Eyes in the soil will help food security
(PhysOrg.com) -- A new tool developed by scientists at The University of Manchester will allow farmers to see under the soil to check how efficiently crop roots are using water and nutrients.
The research could have a strong impact on food security - the subject of today’s announcement by the Government that it is consulting on how it can ensure that the UK's food supply remains safe for future generations.
“Climate change means that the ability to rapidly identify new plant varieties tolerant to drought and other stresses is going to be critical to breeding the food crops of tomorrow.
“Our technology will help do that,” said Dr Bruce Grieve from the Syngenta Sensors University Innovation Centre.
Chief Government Scientist Professor Beddington recently visited the University of Manchester to talk to scientists in the School of Electrical and Electronic Engineering about their project.
Dr Grieve said: “This project will deliver a new visualisation tool for farmers which will provide them with a 24/7 signal from each and every plant in a screening programme indicating how efficiently the roots are drawing upon the water and nutrients in the soil.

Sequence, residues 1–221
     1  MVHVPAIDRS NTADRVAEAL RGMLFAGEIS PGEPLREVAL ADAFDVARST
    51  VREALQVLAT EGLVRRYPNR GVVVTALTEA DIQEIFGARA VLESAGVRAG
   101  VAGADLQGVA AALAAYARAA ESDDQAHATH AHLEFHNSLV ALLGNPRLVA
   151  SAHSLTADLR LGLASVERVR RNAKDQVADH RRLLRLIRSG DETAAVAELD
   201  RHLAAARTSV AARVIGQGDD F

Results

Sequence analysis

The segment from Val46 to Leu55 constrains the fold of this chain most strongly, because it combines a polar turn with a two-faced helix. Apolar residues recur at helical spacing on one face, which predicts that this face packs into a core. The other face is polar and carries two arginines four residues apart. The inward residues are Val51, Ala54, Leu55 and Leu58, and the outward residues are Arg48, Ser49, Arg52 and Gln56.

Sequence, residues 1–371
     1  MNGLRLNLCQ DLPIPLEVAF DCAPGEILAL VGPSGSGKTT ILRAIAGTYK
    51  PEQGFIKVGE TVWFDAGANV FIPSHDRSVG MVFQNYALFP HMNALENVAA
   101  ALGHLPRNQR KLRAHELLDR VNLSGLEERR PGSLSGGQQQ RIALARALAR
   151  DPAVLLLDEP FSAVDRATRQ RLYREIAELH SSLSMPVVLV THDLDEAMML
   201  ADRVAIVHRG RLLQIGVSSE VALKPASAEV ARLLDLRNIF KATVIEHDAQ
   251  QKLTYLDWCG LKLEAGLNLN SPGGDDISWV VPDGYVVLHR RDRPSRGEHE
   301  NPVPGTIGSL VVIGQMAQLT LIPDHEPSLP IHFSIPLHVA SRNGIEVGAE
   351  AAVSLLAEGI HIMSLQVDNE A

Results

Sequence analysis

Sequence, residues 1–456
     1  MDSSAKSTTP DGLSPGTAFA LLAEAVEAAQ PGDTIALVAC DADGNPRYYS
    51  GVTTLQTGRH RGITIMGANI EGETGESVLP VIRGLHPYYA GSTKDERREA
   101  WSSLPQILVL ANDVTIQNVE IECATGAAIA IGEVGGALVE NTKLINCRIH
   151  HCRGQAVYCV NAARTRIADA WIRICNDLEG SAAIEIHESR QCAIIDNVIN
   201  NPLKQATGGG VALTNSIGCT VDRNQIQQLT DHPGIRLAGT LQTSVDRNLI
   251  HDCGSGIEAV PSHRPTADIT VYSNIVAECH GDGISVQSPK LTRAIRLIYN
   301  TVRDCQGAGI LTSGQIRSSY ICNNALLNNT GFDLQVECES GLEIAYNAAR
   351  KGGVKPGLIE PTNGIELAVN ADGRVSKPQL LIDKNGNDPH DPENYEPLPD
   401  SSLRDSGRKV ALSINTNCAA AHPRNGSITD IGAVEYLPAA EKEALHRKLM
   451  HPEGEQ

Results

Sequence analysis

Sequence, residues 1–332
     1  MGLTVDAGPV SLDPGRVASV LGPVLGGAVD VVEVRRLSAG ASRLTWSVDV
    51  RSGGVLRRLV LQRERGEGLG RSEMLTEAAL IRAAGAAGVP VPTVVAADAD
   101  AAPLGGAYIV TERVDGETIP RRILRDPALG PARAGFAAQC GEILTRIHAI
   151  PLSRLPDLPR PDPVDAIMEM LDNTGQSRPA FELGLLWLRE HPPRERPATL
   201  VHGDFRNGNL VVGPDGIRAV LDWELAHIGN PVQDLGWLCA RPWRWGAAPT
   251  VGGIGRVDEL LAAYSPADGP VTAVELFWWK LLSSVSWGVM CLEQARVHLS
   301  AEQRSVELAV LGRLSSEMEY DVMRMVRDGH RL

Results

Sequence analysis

“These subsoil sensor systems are novel but founded upon established low-cost body scanner technologies, which exploit the bending of electrical fields within the subject.
“This new tool will not simply provide a picture of the size and shape of the root structure but rather a non-destructive, quantified and real-time indication of how well they function”.
He added: “Currently, above soil features, or phenotypes, are monitored in industrial greenhouses and field trials during seed breeding programmes to provide an indication of which plants have the most likely preferential genetics to thrive in the future global environments.
“These indicators of “plant vigour” are often based on loosely related features which maybe straightforward to examine, such as an additional ear of corn on a maize plant, but labour intensive and lacking in direct linkage to the required crop features.”
Within the next six months the team will implement and characterise a next generation of electrical imaging instrumentation which has been designed to meet the specific needs of subsoil imaging for plant root function.
The tests will be carried out under highly controlled conditions using a single genetic strain of plants and the subsequent findings will then be integrated into a larger research programme alongside micro x-ray tomography.